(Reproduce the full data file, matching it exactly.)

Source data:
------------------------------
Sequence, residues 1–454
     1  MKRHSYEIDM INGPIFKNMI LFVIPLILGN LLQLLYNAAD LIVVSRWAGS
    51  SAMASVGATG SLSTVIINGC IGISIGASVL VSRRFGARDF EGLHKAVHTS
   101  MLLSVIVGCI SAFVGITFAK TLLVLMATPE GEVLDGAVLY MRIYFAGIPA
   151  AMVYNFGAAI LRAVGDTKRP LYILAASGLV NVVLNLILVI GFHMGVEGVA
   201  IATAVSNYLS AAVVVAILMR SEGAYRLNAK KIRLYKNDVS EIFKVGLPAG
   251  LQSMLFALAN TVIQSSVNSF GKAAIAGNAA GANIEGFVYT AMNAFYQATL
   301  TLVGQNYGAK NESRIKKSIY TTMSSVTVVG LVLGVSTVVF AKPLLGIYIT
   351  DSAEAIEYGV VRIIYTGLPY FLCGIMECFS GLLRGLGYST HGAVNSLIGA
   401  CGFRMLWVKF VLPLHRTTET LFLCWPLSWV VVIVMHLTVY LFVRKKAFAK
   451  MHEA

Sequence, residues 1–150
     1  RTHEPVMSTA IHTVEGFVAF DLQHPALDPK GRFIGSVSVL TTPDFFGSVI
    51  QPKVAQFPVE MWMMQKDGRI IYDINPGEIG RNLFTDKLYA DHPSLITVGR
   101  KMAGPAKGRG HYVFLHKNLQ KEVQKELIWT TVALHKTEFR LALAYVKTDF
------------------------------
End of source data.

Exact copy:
Sequence, residues 1–454
     1  MKRHSYEIDM INGPIFKNMI LFVIPLILGN LLQLLYNAAD LIVVSRWAGS
    51  SAMASVGATG SLSTVIINGC IGISIGASVL VSRRFGARDF EGLHKAVHTS
   101  MLLSVIVGCI SAFVGITFAK TLLVLMATPE GEVLDGAVLY MRIYFAGIPA
   151  AMVYNFGAAI LRAVGDTKRP LYILAASGLV NVVLNLILVI GFHMGVEGVA
   201  IATAVSNYLS AAVVVAILMR SEGAYRLNAK KIRLYKNDVS EIFKVGLPAG
   251  LQSMLFALAN TVIQSSVNSF GKAAIAGNAA GANIEGFVYT AMNAFYQATL
   301  TLVGQNYGAK NESRIKKSIY TTMSSVTVVG LVLGVSTVVF AKPLLGIYIT
   351  DSAEAIEYGV VRIIYTGLPY FLCGIMECFS GLLRGLGYST HGAVNSLIGA
   401  CGFRMLWVKF VLPLHRTTET LFLCWPLSWV VVIVMHLTVY LFVRKKAFAK
   451  MHEA

Sequence, residues 1–150
     1  RTHEPVMSTA IHTVEGFVAF DLQHPALDPK GRFIGSVSVL TTPDFFGSVI
    51  QPKVAQFPVE MWMMQKDGRI IYDINPGEIG RNLFTDKLYA DHPSLITVGR
   101  KMAGPAKGRG HYVFLHKNLQ KEVQKELIWT TVALHKTEFR LALAYVKTDF